Massachusetts Daily Collegian

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A free and responsible press serving the UMass community since 1890

Massachusetts Daily Collegian

A free and responsible press serving the UMass community since 1890

Massachusetts Daily Collegian

‘To All the Boys I’ve Loved Before’ revitalizes the rom-com genre with a spark of diversity

A teen romance with an Asian-American lead is a fresh take on a familiar story

In an age of superhero and thriller movies, there is little room for light-hearted and comedic films to garner large attention. However, in the last couple of months, Netflix has revitalized the rom-com genre with films like “Set it Up,” “Sierra Burgess is a Loser” and, of course, “To All the Boys I’ve Loved Before.” Based on the young adult novel of the same name by Jenny Han, “To All the Boys I’ve Loved Before” is reminiscent of the innocence and cheesiness of older teenage romances done right. The film comes at a moment when diversity on screen is being heralded, allowing it to pave the way for further Asian representation in media. “To All the Boys I’ve Loved Before” brings a hint of nostalgia with it, but also offers a refreshing spin on the same story by introducing new, diverse faces to tell these stories.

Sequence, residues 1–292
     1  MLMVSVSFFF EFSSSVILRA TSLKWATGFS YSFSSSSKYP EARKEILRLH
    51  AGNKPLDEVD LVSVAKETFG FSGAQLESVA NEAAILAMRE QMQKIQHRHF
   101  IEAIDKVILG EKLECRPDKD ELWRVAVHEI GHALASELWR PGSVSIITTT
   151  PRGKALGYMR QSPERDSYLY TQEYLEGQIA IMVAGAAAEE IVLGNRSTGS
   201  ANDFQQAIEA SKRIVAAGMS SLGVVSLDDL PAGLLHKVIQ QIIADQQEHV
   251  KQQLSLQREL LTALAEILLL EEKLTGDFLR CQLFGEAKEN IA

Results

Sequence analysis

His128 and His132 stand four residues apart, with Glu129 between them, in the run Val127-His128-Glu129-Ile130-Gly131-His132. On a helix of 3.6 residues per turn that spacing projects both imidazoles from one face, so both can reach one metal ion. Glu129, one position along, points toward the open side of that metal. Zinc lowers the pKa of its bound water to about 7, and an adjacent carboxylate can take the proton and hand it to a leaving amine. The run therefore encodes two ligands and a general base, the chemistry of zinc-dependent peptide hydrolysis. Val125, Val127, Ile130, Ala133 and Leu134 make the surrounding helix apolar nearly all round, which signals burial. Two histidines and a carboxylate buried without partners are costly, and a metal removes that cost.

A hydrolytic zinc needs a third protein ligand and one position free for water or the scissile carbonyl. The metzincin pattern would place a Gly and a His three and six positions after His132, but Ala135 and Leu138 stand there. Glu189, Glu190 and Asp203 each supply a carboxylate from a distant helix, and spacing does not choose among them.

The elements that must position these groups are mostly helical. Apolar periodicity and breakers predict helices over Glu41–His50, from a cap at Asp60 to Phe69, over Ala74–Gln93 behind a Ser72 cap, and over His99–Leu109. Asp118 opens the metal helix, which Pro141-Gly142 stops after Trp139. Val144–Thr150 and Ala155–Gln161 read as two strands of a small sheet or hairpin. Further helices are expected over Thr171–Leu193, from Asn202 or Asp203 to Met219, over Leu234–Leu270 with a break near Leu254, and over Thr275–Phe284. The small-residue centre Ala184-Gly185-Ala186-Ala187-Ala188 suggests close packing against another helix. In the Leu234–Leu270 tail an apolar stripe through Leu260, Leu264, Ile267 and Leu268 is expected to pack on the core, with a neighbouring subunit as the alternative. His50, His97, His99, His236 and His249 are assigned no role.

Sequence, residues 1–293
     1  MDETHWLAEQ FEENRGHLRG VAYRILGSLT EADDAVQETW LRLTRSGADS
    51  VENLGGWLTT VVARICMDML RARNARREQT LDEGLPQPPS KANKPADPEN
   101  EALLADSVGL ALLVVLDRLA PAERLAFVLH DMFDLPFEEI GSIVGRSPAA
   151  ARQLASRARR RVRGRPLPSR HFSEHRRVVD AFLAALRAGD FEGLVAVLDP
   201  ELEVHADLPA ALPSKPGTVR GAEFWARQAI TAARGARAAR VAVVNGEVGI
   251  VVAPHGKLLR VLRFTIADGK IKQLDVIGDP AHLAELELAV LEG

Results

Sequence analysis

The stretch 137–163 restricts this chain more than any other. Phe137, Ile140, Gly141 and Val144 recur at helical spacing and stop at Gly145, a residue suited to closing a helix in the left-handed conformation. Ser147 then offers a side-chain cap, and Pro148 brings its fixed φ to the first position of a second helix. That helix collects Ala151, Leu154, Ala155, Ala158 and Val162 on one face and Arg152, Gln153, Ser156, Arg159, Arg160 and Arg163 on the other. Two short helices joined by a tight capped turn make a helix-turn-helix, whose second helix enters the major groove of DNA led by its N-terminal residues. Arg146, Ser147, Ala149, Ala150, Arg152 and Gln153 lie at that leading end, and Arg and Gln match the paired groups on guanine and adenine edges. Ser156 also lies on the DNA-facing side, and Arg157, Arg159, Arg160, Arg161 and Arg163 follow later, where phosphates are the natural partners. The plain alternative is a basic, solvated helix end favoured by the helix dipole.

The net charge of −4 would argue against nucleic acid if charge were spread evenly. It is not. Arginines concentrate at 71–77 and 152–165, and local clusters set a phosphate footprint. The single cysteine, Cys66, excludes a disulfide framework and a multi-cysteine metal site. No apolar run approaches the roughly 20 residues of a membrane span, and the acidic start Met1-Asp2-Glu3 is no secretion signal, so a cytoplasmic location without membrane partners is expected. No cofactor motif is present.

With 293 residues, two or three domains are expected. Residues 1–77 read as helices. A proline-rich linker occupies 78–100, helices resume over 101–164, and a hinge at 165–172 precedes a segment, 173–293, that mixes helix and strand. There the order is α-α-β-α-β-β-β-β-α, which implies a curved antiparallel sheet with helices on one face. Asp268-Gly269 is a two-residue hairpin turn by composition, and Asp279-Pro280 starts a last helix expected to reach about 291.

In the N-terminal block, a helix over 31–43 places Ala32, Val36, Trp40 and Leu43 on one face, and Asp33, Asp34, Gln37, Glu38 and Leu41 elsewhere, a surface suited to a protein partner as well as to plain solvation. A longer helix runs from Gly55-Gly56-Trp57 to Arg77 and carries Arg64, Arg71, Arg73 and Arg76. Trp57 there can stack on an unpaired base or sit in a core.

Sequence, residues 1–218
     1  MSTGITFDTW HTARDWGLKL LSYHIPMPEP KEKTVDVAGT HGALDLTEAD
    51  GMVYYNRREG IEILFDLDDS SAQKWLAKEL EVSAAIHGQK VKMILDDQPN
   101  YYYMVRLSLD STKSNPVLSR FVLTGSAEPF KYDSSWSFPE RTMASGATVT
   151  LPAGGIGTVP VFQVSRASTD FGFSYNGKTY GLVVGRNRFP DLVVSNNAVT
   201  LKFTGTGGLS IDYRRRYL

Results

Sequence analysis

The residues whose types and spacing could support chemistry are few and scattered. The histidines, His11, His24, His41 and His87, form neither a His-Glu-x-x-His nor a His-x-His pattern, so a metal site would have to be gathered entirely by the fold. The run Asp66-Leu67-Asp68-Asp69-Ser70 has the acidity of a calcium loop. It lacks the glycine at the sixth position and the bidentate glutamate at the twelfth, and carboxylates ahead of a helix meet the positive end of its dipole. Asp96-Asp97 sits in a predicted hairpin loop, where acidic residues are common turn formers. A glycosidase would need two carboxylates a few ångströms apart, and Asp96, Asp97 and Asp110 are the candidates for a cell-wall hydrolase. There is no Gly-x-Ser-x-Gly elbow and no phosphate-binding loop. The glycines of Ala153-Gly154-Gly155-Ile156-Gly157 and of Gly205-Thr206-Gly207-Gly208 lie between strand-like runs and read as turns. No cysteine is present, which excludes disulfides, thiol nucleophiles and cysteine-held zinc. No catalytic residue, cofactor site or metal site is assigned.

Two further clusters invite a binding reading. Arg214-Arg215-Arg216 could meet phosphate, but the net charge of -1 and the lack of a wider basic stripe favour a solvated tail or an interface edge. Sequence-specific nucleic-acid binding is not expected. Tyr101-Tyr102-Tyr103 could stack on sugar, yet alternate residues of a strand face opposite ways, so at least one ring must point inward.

The film revolves around introverted hopeless romantic Lara Jean Covey (Lana Condor), who writes love letters to all the crushes she’s ever had in her life, but never sends them. Instead, they lie dormant in an old hat box, because despite loving the idea of love, Lara Jean is afraid of the vulnerability that comes with it.